Because of the profound and pervasive challenges oftentimes associated with being a survivor of suicide loss, professional support services can be necessary. Through Resources for Survivors of Suicide Loss, we explore the different support services and resources that are available to people in this day and age. These include everything from individual therapy to group therapy.
Professional support services can also be invaluable when it comes to not only addressing grief matters, but also issues associated with shame. Shame is something that commonly is found among some survivors of suicide loss. Therefore, not only is it oftentimes necessary to address profound grief associated with being a survivor of suicide loss but also the burdensome sense of shame that can accompany this type of loss.
A common situation shared by many people from all walks of life is a lack of understanding about the best ways in which a person can support another individual who is a survivor of suicide loss. In this comprehensive resource center, we provide a wealth of information and other important materials designed to better equip a person to appropriately support another person who is experiencing loss and grief associated with the death of someone by suicide in their lives.
This section of the resource center is designed to provide a broad spectrum of materials to educate and outfit a person to be compassionately supportive of another individual whose life has been upended by the loss of someone by suicide.
Losing a child to suicide is a potentially overwhelming experience. The fact is that losing a child by suicide can have an upending impact on the lives of survivors of that type of death.
It is vital for survivors of the suicide loss of a child to fully appreciate what services and resources are available. Not only is this type of support available to immediate family members of a young person who died by suicide, but to others as well. This includes friends of the deceased, teachers, and an array of other people in a particular community (or elsewhere) who have been impacted in some manner by the death of a young person by suicide.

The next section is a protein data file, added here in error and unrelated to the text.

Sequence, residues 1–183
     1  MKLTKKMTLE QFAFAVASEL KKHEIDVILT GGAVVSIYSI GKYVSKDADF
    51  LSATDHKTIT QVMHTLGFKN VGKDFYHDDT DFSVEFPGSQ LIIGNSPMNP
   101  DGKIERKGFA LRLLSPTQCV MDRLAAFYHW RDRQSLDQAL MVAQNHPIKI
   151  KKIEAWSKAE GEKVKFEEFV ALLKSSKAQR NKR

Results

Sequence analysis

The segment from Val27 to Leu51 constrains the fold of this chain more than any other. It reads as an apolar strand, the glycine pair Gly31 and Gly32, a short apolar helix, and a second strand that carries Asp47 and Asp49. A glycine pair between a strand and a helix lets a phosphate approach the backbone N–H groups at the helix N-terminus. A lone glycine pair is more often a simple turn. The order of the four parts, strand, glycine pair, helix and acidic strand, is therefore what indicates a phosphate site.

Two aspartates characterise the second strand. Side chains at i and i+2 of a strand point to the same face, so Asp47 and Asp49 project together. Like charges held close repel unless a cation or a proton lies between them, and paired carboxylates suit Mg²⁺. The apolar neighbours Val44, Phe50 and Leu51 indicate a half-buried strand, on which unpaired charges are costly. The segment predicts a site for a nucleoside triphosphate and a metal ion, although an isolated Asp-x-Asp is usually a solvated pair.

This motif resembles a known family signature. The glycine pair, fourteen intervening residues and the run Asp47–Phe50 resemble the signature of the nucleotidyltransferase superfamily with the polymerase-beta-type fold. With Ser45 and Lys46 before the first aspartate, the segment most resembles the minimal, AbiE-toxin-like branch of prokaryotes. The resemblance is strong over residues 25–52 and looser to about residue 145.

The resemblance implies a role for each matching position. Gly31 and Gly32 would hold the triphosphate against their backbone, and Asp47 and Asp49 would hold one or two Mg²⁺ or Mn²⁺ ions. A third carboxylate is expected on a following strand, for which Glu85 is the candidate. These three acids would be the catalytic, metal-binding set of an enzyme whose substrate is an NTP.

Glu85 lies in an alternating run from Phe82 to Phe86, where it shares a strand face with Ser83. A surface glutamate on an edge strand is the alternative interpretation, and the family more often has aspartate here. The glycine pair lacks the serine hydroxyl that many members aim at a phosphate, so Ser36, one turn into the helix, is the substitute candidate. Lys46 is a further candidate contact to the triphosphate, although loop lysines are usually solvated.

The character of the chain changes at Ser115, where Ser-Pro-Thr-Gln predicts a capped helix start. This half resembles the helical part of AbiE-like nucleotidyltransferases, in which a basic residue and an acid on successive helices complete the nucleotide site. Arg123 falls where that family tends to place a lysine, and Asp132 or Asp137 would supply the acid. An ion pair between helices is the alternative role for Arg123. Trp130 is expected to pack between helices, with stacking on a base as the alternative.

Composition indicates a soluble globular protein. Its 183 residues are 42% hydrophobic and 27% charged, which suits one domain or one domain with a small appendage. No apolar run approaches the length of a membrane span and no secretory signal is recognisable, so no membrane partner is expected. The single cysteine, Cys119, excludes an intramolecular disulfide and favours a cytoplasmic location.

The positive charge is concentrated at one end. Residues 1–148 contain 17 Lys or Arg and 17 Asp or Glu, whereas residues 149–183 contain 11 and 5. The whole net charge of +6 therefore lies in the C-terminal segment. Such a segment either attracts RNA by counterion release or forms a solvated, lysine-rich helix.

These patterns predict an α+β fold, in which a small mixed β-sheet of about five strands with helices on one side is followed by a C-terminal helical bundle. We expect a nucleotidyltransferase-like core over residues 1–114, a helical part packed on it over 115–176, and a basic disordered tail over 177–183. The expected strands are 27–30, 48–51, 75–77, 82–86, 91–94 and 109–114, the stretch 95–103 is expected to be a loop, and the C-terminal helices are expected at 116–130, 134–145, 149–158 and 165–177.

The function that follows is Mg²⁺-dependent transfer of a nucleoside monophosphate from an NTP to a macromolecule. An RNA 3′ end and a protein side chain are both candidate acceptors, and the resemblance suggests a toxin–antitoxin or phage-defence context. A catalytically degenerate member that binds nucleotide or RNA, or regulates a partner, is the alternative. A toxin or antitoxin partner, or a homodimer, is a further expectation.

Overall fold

As mentioned previously, a survivor of suicide loss can face traumatic grief. In addition, the possibility also can exist that a survivor of suicide loss can also confront the prospect of having to address the remediation of the scene where a suicide death occurred. Suicide cleanup can be a particularly challenging and emotionally grueling endeavor. For this reason, the advisable course is for a survivor of suicide loss who needs to address the scene of the death to engage the services of a professional, compassionate suicide cleanup service.
The reality is that survivors of suicide loss need not take on an added burden of undertaking suicide cleanup. This resource section provides information about how professionals can return a home to a wholly livable condition following the death by suicide of a loved one.
Our resource center is routinely updated. If you know a person distress, or if you are in such a position yourself, the National Suicide Prevention Hotline is staffed by trained individuals 24 hours a day, 365 days a year at (800) 273-8255.